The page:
MISSOULA — Saying the market alone won’t solve Missoula’s housing problem, Missoula County has signaled its intent to adopt a housing strategy that could place greater focus on affordability and lean on an array of tools to achieve that goal.
With a shortage of nearly 2,500 housing units, the local market remains tight and prices are responding as a result. While action today could take years to show results, commissioners said it’s time for local government to act.
“Leaving this to the market alone is not going to solve it,” said Commissioner Josh Slotnick. “Left alone, the market would push to where the returns are the highest. If we want to maintain our character as well as make sure people have places to live, we’re going to have to intervene in some way.”
Contracted by the county to explore solutions, ECONorthwest has presented the outline of what could become the county’s first housing strategy. Dubbed “Breaking Ground,” it explores the issues that have contributed to rapidly rising prices and the tools that could help address them.
Oscar Saucedo-Andrade, one of the consultants, said Missoula’s shortage of housing remains the main contributor to rising costs. And as costs rise, local wages aren’t keeping pace. Median incomes in Missoula County have risen 15% over the past decade while housing costs have risen 109%, according to the plan.
“This creates increasing affordability challenges,” he said. “We’ve seen that renters are the most impacted here. They’re paying more out-of-pocket for housing compared to owners. About 50% of renters are cost-burdened compared to 20% of owners in 2019.”
In general, cost burden occurs when an occupant or owner spends more than 30% of their income on housing. The median price of a home in the Missoula urban area in November stood at $520,000, according to the Missoula Organization of Realtors. In 2017 it was $254,000.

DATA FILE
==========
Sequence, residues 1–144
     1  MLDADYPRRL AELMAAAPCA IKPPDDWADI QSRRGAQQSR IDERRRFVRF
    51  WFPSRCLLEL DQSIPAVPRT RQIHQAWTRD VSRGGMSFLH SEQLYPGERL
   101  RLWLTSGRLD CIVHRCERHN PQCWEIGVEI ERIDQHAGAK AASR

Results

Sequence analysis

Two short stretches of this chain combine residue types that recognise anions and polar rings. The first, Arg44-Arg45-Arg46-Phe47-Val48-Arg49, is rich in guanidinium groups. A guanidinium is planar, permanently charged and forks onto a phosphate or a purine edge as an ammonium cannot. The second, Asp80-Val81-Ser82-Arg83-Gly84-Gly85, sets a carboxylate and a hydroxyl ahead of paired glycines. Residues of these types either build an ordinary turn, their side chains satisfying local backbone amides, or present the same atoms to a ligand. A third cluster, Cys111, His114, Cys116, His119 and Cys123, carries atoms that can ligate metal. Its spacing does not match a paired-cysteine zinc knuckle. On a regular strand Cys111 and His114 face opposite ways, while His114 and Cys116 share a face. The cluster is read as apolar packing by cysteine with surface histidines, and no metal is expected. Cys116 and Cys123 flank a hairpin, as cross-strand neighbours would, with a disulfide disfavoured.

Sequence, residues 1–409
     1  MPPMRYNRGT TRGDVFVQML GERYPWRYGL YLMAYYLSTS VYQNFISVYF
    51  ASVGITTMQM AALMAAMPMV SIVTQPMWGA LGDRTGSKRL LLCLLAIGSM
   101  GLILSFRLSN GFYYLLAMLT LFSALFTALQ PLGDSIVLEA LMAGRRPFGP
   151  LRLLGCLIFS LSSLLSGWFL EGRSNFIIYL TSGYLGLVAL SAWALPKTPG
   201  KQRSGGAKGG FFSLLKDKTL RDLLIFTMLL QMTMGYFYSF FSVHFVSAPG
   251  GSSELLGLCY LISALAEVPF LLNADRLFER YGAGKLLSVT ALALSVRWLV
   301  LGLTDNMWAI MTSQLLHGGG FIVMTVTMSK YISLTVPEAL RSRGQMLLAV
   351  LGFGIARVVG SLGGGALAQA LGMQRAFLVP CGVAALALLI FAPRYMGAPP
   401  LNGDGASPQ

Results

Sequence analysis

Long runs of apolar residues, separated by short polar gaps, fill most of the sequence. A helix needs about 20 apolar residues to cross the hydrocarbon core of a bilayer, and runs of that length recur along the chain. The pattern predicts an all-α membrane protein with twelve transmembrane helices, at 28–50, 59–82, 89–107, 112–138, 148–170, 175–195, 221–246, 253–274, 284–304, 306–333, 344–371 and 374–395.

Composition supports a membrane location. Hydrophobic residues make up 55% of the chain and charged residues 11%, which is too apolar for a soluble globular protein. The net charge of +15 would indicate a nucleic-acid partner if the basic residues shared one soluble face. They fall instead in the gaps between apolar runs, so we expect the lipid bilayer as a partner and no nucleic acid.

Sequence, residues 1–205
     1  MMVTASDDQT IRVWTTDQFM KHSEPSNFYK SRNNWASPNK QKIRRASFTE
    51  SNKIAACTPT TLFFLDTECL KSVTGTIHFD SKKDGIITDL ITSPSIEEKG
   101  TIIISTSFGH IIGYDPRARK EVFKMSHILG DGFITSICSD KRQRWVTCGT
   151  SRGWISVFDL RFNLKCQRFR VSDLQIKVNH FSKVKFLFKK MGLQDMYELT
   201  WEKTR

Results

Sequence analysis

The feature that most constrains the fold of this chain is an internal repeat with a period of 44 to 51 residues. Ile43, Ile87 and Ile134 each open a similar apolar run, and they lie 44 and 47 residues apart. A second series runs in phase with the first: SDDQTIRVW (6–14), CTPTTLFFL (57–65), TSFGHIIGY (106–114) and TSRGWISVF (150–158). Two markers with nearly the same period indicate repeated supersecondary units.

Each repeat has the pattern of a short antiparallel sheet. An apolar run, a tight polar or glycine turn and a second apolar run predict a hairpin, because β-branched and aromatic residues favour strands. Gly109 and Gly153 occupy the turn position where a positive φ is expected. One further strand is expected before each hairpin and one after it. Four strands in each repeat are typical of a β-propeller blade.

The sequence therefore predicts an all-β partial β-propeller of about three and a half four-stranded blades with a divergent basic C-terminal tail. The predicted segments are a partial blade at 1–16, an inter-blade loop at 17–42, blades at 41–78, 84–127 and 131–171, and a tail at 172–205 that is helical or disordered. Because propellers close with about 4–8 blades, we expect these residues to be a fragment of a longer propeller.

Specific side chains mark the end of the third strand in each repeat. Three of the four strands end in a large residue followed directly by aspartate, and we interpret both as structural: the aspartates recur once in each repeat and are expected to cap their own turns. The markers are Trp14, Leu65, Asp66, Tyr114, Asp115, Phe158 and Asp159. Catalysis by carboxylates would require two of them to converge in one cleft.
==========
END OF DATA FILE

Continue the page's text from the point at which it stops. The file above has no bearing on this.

But Missoula isn’t alone in the challenge. Consultants cited the “four B’s” in Bozeman, Boulder, Boise, and Bend, among other cities in the West experiencing new housing pressures. While state law limits some solutions in Montana, other tools have been implemented elsewhere, from an excise tax to a housing bond to fund affordable construction.
“I think you’re all experiencing similar housing pressures right now,” said consultant Lorelei Juntunen. “Boise’s housing market is completely through the roof right now and has a similar trajectory to what you’re experiencing.”
Most of those communities are in the process of grappling with the problem, and some are ahead by several years in implementing new tactics. But none are far enough along to draw any conclusions, Juntunen said.
“The places that are best poised to make the most progress are the ones being the most aggressive on funding,” she said. “Without public money to support the production of affordable housing, it’s very difficult to significantly move the needle.”
Estimates suggest Missoula needs around 2,400 units today to address the current shortage. While a number of subdivisions are moving forward, along with several projects geared toward affordability and funded in part by public subsidies, more work is needed, the consultants said.
For a housing market to function well, it needs an abundance of housing at all price points.
“When you’re experiencing a shortage, as Missoula County is, the goal should be to build as many units as you can in the market area, as well as the supported environment that requires public investment,” she said.
Actions recommended in the plan range from removing regulatory barriers to disposing of public land. The county is currently taking an inventory of its public holdings and will likely present its findings this year.
The city has for the past few years used its property holdings to help direct the outcome of projects unfolding in a public-private partnership. The county could explore something similar, though Juntunen said coordination will be key.
“It’s going to be very hard, in the near term, to build your way out of this problem, especially with market-rate production only,” she said. “Because so much of the demand is coming in at the top end of the income spectrum, it puts a lot of onus on the county and the city and the other partners to be focusing on the affordable end of the spectrum.”